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Opinion: True celebrants of Earth Day

Some of us observed Earth Day on Monday, and I imagine, if you are one of those who believes you can save the earth, you are happy with it and maybe a little proud of yourself.

But I’ll tell you who saves the earth, year after year, day after day. It isn’t people who install solar panels on the roofs of their houses, nor is it people who run their diesel cars on reprocessed French fry oil, or who zip around in airliners to attend meetings on air pollution.

Rather, it is farmers, and foresters, and loggers and fisher people.

Farmers create food from the earth, and that food goes to feed the people of the United States and of other countries who trade with us.

American farmers get a lot of food out of a square foot of dirt, and they leave the dirt in good shape when they are through with it. If you drive through Madera, Fresno and Merced counties, for example, you will see farms that are carefully kept, on which nothing is wasted. Whether they are nut orchards, or dairies, or livestock spreads or vegetable operations, from coastal to central California, the land is kept up as if it were money in banks, which for all practical purposes it is.

Other great valleys and farm areas in the United States of America also produce food in quantities unheard of in previous generations.

People in cities who think food is produced in grocery stores should spend a few weeks every year working on farms so they can have a true understanding of how the real wealth of their nation is produced, and of how blisters feel after a day of real labor.

The average American has never helped a cow give birth to a calf, has never sheared a sheep, has never fed hogs or ridden a horse unless it was at a fair.

Hardly anyone in the United States except farmers has driven a tractor day after day to till the soil, or haul hay, or harvest nuts from a tree.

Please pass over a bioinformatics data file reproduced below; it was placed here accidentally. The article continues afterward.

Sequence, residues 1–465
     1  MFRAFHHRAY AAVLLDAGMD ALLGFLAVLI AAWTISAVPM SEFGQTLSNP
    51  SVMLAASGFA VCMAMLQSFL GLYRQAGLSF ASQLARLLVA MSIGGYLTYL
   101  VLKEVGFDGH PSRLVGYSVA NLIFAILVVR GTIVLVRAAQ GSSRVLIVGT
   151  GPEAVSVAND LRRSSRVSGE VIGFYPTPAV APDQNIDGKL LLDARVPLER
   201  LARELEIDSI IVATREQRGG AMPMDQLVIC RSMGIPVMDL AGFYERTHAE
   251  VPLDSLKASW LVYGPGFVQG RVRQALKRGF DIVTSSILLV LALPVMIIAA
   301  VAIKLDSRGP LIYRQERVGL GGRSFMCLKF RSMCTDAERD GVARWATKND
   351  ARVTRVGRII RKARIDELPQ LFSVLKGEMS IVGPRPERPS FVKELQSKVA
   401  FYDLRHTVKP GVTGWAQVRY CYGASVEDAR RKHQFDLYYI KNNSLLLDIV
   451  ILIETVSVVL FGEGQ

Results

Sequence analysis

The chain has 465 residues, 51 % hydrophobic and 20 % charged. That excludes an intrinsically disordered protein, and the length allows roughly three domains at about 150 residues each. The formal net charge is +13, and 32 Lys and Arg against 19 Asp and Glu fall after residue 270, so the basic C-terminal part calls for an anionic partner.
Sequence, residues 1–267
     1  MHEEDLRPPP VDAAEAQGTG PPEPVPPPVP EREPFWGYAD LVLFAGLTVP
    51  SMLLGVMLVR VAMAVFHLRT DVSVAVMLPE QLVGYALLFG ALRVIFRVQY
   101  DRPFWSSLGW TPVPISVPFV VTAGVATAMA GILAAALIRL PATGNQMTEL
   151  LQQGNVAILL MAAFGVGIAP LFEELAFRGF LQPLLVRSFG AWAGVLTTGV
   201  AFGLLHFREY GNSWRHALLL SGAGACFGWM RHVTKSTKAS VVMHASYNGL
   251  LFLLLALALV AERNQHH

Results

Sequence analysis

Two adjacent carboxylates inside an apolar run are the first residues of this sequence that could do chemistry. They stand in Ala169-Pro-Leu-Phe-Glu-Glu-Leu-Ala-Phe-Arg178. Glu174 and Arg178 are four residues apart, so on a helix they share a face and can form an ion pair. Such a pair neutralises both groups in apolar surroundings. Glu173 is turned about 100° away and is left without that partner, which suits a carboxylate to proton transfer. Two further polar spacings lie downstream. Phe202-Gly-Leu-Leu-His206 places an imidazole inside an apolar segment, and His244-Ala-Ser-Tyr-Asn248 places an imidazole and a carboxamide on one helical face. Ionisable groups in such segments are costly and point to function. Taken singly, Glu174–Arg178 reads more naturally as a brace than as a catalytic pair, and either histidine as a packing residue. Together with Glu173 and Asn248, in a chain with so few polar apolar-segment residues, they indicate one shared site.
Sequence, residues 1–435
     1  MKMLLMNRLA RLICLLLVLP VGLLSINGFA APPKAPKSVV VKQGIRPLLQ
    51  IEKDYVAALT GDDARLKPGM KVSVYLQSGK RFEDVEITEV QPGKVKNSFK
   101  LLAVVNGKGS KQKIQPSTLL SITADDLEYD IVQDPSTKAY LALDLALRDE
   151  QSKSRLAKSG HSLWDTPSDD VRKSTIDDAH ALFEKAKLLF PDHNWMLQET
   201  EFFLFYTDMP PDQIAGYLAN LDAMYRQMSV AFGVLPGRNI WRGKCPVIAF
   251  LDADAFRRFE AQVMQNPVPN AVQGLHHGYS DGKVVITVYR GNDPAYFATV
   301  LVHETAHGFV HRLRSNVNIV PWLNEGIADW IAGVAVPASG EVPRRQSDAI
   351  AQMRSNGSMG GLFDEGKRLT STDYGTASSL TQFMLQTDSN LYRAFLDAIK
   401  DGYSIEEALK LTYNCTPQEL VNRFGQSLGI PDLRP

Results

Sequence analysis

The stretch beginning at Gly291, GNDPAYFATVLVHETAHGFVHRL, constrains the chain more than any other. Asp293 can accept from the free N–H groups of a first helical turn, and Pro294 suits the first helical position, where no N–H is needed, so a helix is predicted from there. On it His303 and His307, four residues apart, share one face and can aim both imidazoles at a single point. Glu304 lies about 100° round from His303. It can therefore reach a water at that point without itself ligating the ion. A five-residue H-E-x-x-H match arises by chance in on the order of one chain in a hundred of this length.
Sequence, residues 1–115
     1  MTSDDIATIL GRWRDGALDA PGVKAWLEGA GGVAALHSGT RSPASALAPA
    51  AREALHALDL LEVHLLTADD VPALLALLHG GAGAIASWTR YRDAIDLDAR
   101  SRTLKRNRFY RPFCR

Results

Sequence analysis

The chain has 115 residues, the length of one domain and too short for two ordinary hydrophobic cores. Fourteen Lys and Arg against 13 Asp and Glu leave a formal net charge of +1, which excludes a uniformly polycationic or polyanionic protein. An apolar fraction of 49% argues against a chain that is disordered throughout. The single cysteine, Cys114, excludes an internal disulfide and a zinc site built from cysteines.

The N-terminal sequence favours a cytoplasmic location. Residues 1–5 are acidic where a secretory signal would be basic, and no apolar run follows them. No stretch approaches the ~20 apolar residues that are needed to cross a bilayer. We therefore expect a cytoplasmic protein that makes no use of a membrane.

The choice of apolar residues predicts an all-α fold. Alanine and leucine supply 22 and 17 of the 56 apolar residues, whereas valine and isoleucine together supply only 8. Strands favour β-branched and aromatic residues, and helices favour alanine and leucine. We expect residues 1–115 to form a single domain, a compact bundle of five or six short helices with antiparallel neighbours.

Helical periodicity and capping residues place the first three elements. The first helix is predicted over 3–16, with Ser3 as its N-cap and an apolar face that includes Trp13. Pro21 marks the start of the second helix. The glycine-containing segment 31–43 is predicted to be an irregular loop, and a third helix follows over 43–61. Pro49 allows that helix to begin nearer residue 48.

Nobody except farmers spends night and day moving irrigation pipe by hand, or picking up after jerks who think a momentarily untended field is a place to throw garbage, or steal fruit, or vandalize.

Hardly anyone else in the United States has to compete world-wide to make a profit on the things they produce. The only person who writes a farmer’s paycheck usually is the farmer.

The best way to celebrate Earth Day is to drive through farm country and see where people who actually take care of the Earth work harder than any city folk and usually risk more money.

Or go up the hills into the woods and work in a logging camp for a few days, and find out what work actually is. Use dangerous machinery to fell great trees and haul giant logs to trucks, where they can be loaded to drive their cargoes to sawmills, where the logs can be cut into lumber to be used by city people to build homes and other buildings. Stay around so you can see what members of the urban idiocracy do when they go camping, and forget to put out their fires, or use the woods as a toilet or trash can. See how they foul streams or ponds that have to be cleaned up by woodsmen and women who actually work to keep the earth so other idiots can come along and enjoy it or maybe set it afire.

Or go to a place where commercial fishing boats are kept, and see the care with which the docks and the boats themselves are maintained with great effort. Go out with a commercial fisherman and pull in nets and lines until your hands bleed, or work at a hatchery or fish farm, where fish of all kinds are raised for all sorts of markets worldwide.

Nothing you can do on Earth Day — that one day a year — can ever come close to what farmers, and ranchers, and foresters, and loggers, and fisher people do every day of their lives.

These are people who sit down at their tables every night and say prayers of thanks to their maker for giving them this earth to take care of productively and pass on to future generations in better condition than it was when they, themselves received it.

That is Earth Day. That is every day for those people.

They are the ones for whom I thank God.

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